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By mechanically deforming the heated metal under tightly controlled conditions, forging produces predictable and uniform grain size and flow characteristics. Forging stock is also typically preworked to refine the dendritic structure of the ingot and remove porosity. These qualities translate into superior metallurgical and mechanical qualities, and deliver increased directional toughness in the final part.
Forging also provides a degree of structural integrity that is unmatched by other metalworking processes. Forging eliminates internal voids and gas pockets that can weaken metal parts. By dispersing segregation of alloys or nonmetallics, forging provides superior chemical uniformity. Predictable structural integrity reduces part inspection requirements, simplifies heat treating and machining, and ensures optimum part performance under field-load conditions.
Parts can also be forged to meet virtually any stress, load or impact requirement. Proper orientation of grain flow assures maximum impact strength and fatigue resistance. The high-strength properties of the forging process can be used to reduce sectional thickness and overall weight without compromising final part integrity.
Grain flow is oriented to improve ductility, toughness, and increase fatigue resistance.
Uni-directional grain flow has been cut when changing contour, exposing grain ends. This renders the material more liable to fatigue and more sensitive to stress corrosion cracking.
Cast bars typically do not have a desired grain structure.
Limited only to the largest ingot that can be cast, open die forged part weights can run from a single pound to over 400,000 pounds. In addition to commonly purchased open die parts, forgings are often specified for their soundness in place of rolled bars or castings, or for those parts that are too large to produce by any other metalworking method.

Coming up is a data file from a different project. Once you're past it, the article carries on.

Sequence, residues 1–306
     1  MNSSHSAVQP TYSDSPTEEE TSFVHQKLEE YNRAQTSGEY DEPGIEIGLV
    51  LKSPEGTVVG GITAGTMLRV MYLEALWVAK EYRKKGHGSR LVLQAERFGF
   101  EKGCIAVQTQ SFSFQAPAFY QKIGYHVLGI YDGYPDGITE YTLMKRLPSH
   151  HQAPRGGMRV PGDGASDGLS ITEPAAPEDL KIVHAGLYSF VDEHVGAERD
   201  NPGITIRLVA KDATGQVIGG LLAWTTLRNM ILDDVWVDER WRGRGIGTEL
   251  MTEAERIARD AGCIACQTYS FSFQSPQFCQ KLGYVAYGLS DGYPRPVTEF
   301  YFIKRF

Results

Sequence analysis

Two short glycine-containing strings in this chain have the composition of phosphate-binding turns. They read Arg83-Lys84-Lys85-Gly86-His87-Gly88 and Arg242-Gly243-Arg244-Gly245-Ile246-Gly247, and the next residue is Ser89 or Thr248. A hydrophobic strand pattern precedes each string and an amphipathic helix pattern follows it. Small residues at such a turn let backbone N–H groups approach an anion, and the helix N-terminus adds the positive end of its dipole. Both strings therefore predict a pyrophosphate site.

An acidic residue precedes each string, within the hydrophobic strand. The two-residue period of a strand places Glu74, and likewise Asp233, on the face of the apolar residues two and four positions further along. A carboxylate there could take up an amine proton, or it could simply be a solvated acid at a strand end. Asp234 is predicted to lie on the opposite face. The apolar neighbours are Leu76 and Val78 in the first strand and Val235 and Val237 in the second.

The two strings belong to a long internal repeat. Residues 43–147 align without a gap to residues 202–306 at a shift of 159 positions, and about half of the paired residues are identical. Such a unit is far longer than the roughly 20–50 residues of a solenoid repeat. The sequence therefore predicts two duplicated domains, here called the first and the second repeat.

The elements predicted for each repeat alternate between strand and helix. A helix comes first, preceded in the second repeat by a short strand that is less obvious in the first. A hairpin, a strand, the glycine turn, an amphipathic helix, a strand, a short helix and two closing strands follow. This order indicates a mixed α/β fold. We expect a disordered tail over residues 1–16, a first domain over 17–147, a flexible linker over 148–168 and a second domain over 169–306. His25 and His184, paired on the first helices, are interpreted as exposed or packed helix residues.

Shape design is just as versatile, ranging from simple bar, shaft and ring configurations to specialized shapes. These include multiple O.D./I.D. hollows, single and double hubs that approach closed die configurations, and unique, custom shapes produced by combining forging with secondary processes such as torch cutting, sawing and machining. Shape designs are often limited only by the creative skills and imagination of the forging supplier.
Metallurgical properties can be greatly varied through alloy selection, part configuration, thermal mechanical working and post-forming processes.
Virtually all open die and rolled ring forgings are custom-made one at a time, providing the option to purchase one, a dozen or hundreds of parts as needed. An added benefit is the ability to offer open die prototypes in single-piece or low-volume quantities. No better way exists to test initial closed die forging designs, because open die forging imparts similar grain flow orientation, deformation and other beneficial characteristics. In addition, the high costs and long lead times associated with closed die tooling and setups are eliminated.
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